Crick had to pause his PhD because of war, but that didn’t stop him from later completing his PhD and in his second year he was even awarded the Carey Foster Research Prize. Crick house work to achieve their goals in life, despite the obstacles they may face.

Amalie Emmy Noether

Amalie Emmy Noether was an influential German mathematician born in 1882 who made innovative contributions to abstract algebra and physics. She is often described as the most important woman in mathematics; one of many astonishing facts that inspire the students of Noether house. We nurture in our students the similar self-belief required for them to overcome barriers and promote the strong work-ethic integral to achieving one’s dreams, even in the face of adversity or difficult circumstances.

Our students’ life stories may not necessarily be a linear one and the house’s dedicated tutors work tirelessly to prepare their tutees for life’s unexpected twists and turns- to embrace these as exciting challenges that will be overcome with resilience and perseverance.

Stephen Hawking

Stephen Hawking is a world renowned scientist whose work has hugely increased the understanding of black holes. He was responsible for many hugely popular scientific books that helped us push science into the mainstream.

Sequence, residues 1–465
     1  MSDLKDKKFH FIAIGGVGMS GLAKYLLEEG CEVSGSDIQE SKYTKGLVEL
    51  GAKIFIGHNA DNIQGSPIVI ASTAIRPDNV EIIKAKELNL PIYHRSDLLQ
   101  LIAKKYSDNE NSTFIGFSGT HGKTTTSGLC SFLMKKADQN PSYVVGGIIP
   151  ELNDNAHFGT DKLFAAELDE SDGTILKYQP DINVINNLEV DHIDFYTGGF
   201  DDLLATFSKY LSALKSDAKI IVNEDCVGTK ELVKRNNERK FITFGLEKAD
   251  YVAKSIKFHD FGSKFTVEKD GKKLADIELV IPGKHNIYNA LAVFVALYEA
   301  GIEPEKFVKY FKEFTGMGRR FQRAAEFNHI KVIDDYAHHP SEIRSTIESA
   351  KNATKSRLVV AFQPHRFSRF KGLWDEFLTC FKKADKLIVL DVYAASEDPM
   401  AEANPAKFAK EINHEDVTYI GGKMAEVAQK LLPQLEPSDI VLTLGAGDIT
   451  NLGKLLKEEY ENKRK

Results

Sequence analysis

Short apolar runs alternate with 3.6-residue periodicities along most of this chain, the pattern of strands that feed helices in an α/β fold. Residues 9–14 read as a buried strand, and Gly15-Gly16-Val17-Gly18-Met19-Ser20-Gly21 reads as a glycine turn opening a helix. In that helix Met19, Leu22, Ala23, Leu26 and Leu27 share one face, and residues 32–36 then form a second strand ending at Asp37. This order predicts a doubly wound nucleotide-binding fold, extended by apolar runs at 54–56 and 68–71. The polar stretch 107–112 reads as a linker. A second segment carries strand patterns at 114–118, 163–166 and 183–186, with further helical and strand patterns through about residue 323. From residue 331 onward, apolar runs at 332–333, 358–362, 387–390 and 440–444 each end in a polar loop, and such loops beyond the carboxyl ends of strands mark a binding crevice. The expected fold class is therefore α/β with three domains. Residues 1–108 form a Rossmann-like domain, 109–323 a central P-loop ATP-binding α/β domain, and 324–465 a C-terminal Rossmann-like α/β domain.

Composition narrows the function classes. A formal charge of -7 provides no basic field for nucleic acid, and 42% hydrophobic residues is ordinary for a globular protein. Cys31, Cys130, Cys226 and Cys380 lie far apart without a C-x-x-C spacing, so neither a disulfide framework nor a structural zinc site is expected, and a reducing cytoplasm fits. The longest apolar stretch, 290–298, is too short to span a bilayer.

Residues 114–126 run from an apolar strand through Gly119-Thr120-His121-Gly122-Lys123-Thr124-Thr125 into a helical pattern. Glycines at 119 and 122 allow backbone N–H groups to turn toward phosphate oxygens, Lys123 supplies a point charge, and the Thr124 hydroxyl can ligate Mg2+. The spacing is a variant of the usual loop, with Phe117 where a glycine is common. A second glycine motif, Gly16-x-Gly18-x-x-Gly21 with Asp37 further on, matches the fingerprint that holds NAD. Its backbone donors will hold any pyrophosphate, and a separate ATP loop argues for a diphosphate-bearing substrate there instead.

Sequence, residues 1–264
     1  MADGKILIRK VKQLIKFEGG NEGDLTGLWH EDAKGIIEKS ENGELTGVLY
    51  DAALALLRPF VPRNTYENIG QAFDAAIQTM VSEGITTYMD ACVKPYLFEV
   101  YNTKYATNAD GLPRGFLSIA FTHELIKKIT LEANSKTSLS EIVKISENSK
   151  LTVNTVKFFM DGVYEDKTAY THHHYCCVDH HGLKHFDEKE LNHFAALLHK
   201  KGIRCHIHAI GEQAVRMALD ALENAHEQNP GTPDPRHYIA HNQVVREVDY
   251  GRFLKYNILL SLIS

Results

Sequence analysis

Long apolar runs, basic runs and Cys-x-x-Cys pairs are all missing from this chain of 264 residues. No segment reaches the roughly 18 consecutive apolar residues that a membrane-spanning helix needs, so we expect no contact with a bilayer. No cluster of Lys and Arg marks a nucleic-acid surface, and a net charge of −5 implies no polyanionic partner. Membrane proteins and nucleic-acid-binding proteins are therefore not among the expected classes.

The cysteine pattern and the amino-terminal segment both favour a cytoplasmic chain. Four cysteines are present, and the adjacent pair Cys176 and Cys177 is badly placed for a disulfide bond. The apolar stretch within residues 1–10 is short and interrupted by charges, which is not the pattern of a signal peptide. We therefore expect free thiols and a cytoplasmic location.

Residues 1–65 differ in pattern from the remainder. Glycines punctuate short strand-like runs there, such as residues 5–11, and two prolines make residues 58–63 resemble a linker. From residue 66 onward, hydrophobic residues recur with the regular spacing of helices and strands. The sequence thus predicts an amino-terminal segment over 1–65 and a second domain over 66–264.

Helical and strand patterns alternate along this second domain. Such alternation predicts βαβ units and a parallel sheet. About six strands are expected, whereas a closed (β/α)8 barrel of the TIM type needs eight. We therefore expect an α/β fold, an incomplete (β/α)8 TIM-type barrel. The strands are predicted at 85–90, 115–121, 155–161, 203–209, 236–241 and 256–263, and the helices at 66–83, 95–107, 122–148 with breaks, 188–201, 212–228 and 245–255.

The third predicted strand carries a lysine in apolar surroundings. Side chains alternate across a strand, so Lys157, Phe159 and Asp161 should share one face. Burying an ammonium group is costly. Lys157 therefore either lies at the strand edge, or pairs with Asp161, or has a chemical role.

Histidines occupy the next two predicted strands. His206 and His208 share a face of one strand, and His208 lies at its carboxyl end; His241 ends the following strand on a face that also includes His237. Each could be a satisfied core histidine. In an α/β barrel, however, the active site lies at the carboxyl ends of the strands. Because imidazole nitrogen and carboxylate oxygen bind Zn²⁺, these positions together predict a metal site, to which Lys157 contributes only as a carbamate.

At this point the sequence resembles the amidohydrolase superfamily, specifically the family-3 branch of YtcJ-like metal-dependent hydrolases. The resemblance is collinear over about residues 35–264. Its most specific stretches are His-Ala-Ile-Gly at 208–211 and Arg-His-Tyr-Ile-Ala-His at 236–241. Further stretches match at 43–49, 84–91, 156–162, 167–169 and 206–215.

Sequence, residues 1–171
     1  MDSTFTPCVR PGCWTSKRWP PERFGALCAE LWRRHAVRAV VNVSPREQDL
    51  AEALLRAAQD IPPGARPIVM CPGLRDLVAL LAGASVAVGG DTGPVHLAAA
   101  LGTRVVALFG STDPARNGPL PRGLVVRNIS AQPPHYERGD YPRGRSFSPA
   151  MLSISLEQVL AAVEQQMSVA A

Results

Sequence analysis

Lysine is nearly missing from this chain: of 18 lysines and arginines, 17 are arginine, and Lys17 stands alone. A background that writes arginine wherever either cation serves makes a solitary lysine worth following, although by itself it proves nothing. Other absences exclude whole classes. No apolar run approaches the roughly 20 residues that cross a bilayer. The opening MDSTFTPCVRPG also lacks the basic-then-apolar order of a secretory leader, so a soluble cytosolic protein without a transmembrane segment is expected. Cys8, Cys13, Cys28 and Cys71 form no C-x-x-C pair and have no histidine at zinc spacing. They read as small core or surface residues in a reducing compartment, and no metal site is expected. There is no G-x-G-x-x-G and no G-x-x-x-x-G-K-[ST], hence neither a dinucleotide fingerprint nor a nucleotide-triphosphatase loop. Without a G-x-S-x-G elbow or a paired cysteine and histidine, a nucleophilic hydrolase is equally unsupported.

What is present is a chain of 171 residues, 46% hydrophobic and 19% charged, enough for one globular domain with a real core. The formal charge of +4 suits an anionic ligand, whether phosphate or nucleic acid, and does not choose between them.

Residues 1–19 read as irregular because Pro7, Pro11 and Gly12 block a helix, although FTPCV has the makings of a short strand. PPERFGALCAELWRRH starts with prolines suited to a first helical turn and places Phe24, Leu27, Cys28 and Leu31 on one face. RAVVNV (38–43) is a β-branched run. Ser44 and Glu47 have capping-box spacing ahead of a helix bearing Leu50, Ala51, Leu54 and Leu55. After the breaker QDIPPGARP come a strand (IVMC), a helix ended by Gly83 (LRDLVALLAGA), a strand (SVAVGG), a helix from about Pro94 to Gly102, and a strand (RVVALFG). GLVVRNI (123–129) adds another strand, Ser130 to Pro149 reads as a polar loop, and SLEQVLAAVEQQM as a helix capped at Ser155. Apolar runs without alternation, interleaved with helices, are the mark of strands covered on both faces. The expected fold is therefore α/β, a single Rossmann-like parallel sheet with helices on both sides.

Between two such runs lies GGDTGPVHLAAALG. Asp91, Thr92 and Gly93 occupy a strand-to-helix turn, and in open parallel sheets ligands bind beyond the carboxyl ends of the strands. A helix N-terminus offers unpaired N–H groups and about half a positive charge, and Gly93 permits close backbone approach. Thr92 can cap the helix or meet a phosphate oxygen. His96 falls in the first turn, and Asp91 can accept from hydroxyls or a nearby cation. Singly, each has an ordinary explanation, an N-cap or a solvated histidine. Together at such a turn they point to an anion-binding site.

When he was 21 he was diagnosed with ALS: a disease which he was told, would kill him within the next 5 years. Some 40 years later, although wheelchair bound he continues to write, give lectures and remains a professor at Cambridge University where he held the title of Lucasian Professor of Mathematics until 2009.

Professor Hawking has become one of the most credible, influential scientific minds in the world and has an undeniably strong will to persevere to reach success in life. Hawking said ‘Intelligence is the ability to adapt to change” and as Hawking house we work to embrace change and look for how we can change for the better.

Head of House

Houses are run by a House team, which is led by a Head of House. The House teams are responsible for ensuring good attendance, punctuality, uniform and organising the extra help and guidance that some students inevitably need. They also organise the thoughts for the day (we call them the Daily Reflections) that we run during tutor time.